7. “‘Super’ Japanese Site Gears Up to Solve Neutrino Puzzle,” author unknown, Science, vol. 270, November 3, 1995, p. 729.

8. “Cosmology: All Sewn Up or Coming Apart at the Seams?” Joshua Roth and Joel R. Primack,
Sky and Telescope, vol. 91, no. 1, January 1996, pp. 20.

9. “Is This Planet for Real?” Robert Naeye, Astronomy, March 1996.

10. “Finding Worlds Like Our Own,” Diane Ainsworth, Berkeleyan, October 18, 2000.

11. “All Our Suns,” Nature, vol. 419, September 26, 2002, p. xi.

12. “How Old Is the Universe?” European Southern Observatory press release, February 7, 2001.

13. “A New View of the Cosmos,” R.T., Astronomy, July 2002, p. 28.

14. “New Virtual Telescope Provides Sharpest Views of the Cosmos,” Deborah Halber, MIT News Office, September 30, 2002.

15. “In Search of the First Star,” David Tytell, SkyandTelescope.com, November 5, 2002.

16. “Arecibo Observatory Undergoing Major Changes,” David Brand, Cornell News Office, December 20, 2002.

17. “Polarized Microwaves Bolster New Cosmology,” Joshua Roth, Sky and Telescope, December 2002, pp. 20-1.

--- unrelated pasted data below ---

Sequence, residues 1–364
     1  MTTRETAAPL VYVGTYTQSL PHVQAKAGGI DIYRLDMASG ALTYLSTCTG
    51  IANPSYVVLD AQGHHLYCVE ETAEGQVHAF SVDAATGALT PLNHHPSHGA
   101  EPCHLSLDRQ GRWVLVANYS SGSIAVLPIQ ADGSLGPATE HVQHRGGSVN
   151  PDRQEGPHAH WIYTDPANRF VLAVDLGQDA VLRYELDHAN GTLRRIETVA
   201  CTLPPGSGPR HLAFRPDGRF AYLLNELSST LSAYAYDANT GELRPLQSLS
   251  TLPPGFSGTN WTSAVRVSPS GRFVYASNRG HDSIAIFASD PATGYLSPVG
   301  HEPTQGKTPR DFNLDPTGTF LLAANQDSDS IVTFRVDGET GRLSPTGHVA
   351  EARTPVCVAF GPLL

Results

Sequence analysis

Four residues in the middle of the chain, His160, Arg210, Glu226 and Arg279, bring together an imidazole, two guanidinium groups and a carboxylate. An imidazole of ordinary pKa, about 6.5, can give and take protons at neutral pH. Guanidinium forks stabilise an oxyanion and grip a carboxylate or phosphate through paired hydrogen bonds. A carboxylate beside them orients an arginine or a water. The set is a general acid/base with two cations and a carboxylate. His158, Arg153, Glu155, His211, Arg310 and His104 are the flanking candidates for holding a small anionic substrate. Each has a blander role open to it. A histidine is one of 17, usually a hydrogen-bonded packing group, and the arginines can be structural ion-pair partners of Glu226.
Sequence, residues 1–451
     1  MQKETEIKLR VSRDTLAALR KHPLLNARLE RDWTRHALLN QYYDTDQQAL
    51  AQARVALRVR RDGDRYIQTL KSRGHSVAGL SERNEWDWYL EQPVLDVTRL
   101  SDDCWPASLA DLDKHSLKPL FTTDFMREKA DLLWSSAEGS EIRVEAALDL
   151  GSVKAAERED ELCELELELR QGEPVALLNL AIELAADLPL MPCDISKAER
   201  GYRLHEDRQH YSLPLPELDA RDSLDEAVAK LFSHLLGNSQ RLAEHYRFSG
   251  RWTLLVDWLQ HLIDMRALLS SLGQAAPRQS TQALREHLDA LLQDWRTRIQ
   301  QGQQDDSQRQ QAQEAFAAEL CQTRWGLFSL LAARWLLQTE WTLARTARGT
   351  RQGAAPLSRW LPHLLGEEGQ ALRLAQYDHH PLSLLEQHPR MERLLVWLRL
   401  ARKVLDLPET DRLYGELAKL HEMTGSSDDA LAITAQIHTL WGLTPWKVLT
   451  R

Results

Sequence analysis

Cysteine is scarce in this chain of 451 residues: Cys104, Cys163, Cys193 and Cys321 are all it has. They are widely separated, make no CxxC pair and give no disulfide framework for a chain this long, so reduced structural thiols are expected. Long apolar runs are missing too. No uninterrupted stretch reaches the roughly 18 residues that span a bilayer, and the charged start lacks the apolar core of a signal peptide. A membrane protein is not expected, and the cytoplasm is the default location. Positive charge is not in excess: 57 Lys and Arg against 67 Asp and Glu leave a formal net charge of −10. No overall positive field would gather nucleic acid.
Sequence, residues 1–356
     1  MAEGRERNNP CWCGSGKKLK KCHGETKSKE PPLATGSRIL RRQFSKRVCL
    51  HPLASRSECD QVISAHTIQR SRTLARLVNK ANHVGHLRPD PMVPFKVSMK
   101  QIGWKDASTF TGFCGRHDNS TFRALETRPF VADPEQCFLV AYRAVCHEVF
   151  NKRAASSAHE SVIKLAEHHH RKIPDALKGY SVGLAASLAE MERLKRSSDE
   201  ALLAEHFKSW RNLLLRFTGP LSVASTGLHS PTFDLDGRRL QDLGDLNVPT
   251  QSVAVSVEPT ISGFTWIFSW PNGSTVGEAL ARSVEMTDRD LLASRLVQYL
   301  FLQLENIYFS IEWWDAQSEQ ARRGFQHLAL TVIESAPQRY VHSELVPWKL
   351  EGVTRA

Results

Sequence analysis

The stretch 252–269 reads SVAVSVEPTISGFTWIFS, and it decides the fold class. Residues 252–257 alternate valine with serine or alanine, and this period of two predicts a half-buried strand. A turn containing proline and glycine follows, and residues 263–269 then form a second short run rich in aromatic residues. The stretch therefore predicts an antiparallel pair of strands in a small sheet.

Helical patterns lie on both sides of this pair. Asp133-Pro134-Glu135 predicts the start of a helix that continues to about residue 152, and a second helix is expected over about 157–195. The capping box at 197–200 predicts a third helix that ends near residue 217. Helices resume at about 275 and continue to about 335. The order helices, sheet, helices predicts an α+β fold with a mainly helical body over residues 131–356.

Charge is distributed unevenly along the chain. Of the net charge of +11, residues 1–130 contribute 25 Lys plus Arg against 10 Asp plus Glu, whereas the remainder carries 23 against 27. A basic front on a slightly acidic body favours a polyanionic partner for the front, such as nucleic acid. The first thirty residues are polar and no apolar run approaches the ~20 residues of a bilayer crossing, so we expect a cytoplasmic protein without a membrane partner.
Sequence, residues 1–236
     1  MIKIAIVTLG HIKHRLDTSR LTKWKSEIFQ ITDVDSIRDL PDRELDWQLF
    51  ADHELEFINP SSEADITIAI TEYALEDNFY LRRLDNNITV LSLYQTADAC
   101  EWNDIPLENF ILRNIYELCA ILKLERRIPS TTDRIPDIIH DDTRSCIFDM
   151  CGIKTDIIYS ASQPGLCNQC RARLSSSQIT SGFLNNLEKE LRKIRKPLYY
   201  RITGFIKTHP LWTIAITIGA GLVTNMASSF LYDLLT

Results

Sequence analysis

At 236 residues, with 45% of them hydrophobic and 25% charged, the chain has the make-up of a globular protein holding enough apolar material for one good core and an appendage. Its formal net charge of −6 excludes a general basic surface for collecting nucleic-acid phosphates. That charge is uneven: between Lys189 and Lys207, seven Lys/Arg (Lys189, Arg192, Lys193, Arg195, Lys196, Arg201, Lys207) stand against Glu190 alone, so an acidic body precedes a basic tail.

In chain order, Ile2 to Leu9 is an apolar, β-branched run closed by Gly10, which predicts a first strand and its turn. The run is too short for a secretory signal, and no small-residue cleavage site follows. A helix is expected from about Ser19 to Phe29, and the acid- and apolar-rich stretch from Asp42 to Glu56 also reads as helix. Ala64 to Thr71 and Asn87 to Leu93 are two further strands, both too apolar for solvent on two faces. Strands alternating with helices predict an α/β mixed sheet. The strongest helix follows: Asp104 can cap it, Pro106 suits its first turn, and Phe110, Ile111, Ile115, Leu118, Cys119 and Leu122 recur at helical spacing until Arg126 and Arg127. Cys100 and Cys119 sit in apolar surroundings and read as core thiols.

18. “The Results Are In,” Michael Brooks, New Scientist, vol. 178, April 5, 2003, pp. 22-3.

19. “Near-Earth Asteroid Hermes Respotted,” Edward Bowell, Lowell Observatory press statement, October 21, 2003.

20. “Seeking Other Earths,” Robert Zimmerman, Astronomy, vol. 32, August 2004, p. 42.

21. Reference unknown; lost by the editor of this journal (though he is certain to deny it and cast blame elsewhere—on a surrogate, perhaps).

22. Sir Arthur Conan Doyle never wrote this mystery but surely would have had there been an additional installment in the Sherlock Holmes saga.

23. You can be sure I have much more to say on this subject, but my editor is kind of stingy when it comes to “word count.” Fortunately, he tends to get tired by the end of a wearying article like this and, as a result, inattentive. If you are reading this note, you can be sure he never got this far. His loss is our gain.

All images, except for the first and the last, are from NASA.

This article is republished with permission from the May-June 2006 issue of the Annals of Improbable Research. You can download or purchase back issues of the magazine, or subscribe to receive future issues. Or get a subscription for someone as a gift!